The Senior Enlisted Advisor to the Chairman of the Joint Chiefs of Staff, SEAC Ramón Colón-López, joins SOFcast to talk about the role of SOF in Great Power Competition, getting the record straight on diversity in the ranks, and what he's doing to preserve the mission of special operations at the highest levels of decision-making. SEAC Ramón Colón-López is the 4th Senior Enlisted Advisor to the Chairman and a USAF Pararescueman.
Give us about ten minutes a day and we will give you all the local news, local sports, local weather, and local events you can handle. SPONSORS: Many thanks to our sponsors... Solar Energy Services because solar should be in your future! The Kristi Neidhardt Team. If you are looking to buy or sell your home, give Kristi a call at 888-860-7369! And Hospice of the Chesapeake Today...We now know why the health department pulled the at-home COVID tests from the libraries. An attempted carjacking lands three teens with charges. A chase after an attempted ATM theft nets one arrest with two more suspects still on the loose. The Attorney General released more information on the officer-involved shooting from Sunday. The MVA is closing and going offline on Friday, Saturday, and Sunday for planned IT upgrades. Navy released some great uniforms in advance of the Army-Navy Game. Fence and Deck Connection is hosting a drive to benefit The Blue Ribbon Project. And Watermark is hosting the Queen of All Food Drives at the Lights Parade on December 11th--bring some food and enjoy the best view! And a reminder to send in suggestions for impressive holiday light displays to firstname.lastname@example.org And as usual, George from DCMDVA Weather is here with your local weather forecast! Please download their APP so you can keep on top of the local weather scene! The Eye On Annapolis Daily News Brief is produced every Monday through Friday at 6:00 am and available wherever you get your podcasts and also on our social media platforms--All Annapolis and Eye On Annapolis (FB) and @eyeonannapolis (TW) NOTE: For hearing impaired subscribers, a full transcript is available on Eye On Annapolis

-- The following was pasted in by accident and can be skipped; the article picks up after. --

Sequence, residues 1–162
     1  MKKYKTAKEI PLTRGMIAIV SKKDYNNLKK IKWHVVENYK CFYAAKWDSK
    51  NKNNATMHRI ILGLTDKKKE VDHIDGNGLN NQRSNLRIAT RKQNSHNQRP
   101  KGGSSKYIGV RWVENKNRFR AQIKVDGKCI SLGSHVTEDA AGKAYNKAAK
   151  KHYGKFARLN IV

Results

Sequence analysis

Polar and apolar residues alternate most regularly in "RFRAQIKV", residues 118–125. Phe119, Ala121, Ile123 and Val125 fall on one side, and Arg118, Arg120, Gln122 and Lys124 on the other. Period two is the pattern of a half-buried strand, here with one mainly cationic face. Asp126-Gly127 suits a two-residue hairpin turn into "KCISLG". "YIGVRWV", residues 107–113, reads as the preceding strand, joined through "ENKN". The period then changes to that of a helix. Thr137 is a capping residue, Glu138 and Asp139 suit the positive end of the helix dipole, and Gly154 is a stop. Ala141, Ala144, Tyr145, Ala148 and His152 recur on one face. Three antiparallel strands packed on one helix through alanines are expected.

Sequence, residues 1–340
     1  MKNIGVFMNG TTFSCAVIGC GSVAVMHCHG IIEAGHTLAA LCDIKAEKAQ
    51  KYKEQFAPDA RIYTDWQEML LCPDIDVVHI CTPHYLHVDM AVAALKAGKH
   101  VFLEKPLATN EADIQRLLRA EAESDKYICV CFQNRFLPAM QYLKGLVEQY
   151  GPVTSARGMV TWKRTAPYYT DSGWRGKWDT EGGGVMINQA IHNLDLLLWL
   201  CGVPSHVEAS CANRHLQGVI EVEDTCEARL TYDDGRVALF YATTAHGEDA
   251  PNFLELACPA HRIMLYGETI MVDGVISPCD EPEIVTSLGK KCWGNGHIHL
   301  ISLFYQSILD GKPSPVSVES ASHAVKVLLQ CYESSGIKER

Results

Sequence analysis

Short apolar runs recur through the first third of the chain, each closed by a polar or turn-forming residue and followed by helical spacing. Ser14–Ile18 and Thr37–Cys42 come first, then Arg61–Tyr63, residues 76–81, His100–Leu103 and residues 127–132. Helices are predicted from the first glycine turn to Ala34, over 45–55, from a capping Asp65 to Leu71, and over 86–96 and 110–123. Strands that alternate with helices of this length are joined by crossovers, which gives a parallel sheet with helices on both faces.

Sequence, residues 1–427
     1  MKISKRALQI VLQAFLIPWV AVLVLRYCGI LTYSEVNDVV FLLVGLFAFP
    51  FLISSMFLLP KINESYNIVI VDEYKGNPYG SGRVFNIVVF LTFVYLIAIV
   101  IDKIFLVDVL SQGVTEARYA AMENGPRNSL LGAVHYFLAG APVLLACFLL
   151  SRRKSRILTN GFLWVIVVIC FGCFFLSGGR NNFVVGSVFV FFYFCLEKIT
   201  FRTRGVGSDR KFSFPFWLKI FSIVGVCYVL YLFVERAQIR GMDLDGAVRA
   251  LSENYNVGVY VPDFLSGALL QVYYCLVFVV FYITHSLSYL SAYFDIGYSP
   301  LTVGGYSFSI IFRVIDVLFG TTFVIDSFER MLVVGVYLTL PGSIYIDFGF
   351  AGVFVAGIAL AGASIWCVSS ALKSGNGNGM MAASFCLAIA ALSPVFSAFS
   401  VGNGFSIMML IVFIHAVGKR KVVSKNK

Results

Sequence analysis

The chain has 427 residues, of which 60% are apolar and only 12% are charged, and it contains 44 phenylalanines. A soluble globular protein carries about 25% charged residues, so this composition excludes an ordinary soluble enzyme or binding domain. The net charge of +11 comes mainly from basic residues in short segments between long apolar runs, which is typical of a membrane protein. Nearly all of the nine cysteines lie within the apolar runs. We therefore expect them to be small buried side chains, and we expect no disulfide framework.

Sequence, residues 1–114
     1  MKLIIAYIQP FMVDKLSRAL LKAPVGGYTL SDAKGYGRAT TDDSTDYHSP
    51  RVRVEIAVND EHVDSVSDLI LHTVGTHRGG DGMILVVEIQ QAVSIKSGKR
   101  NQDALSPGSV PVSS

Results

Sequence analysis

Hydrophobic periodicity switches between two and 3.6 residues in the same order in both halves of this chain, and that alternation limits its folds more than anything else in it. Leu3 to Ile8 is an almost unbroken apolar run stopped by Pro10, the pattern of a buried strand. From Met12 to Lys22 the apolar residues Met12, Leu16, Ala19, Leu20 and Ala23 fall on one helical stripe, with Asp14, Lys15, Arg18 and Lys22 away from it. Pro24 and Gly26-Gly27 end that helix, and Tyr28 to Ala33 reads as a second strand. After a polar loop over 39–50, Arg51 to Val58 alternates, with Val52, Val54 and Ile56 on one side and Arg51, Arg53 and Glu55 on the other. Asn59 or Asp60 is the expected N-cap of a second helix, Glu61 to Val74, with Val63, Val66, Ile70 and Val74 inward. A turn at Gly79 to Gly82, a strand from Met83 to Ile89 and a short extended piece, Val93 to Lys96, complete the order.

En este episodio hablamos de un evento ocurrido en el 1979 en donde miembros de varios grupos políticos armados, entre ellos Ejército Popular Boricua, conocido comúnmente como Los Macheteros, realizaron un ataque con rifles a una guagua que transportaba miembros de la marina de guerra de los Estados Unidos cuando salían de la base de Inteligencia Naval en el barrio Sabana Seca de Toa Baja. En este ataque murieron dos marinos y alrededor de 10 resultaron heridos. Recuerda seguirnos en Facebook, Twitter e Instagram Visita crimepodpr.com para más detalles.Música de fondo: 'Sustain Lights 7' y 'Dreams Never Die' por Daniel Birch,Fuentes de información y documentos adicionales disponibles en Patreon.Este episodio fue traído a ustedes por Libros787.com. Ordena tus libros favoritos escritos por autores puertorriqueños desde la comodidad de tu casa. Utiliza el código promocional: CRIMEPODPR para que recibas envío gratuito en tu primera compra. Envíos a todas partes de Puerto Rico y Estados Unidos.Este episodio es traído a ustedes por Libros787.com. Ordena tus libros favoritos escritos por autores puertorriqueños desde la comodidad de tu casa. Utiliza el código promocional: CRIMEPODPR para que recibas envío gratuito en tu primera compra. Envíos a todas partes de Puerto Rico y Estados Unidos.Support the show (https://www.patreon.com/crimepodpr)